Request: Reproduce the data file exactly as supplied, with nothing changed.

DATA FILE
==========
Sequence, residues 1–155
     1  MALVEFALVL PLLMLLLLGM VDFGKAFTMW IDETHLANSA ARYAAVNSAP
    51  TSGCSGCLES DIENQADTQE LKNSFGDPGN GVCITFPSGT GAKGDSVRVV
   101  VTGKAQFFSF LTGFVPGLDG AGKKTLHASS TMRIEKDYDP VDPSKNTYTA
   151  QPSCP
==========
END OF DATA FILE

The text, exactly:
Sequence, residues 1–155
     1  MALVEFALVL PLLMLLLLGM VDFGKAFTMW IDETHLANSA ARYAAVNSAP
    51  TSGCSGCLES DIENQADTQE LKNSFGDPGN GVCITFPSGT GAKGDSVRVV
   101  VTGKAQFFSF LTGFVPGLDG AGKKTLHASS TMRIEKDYDP VDPSKNTYTA
   151  QPSCP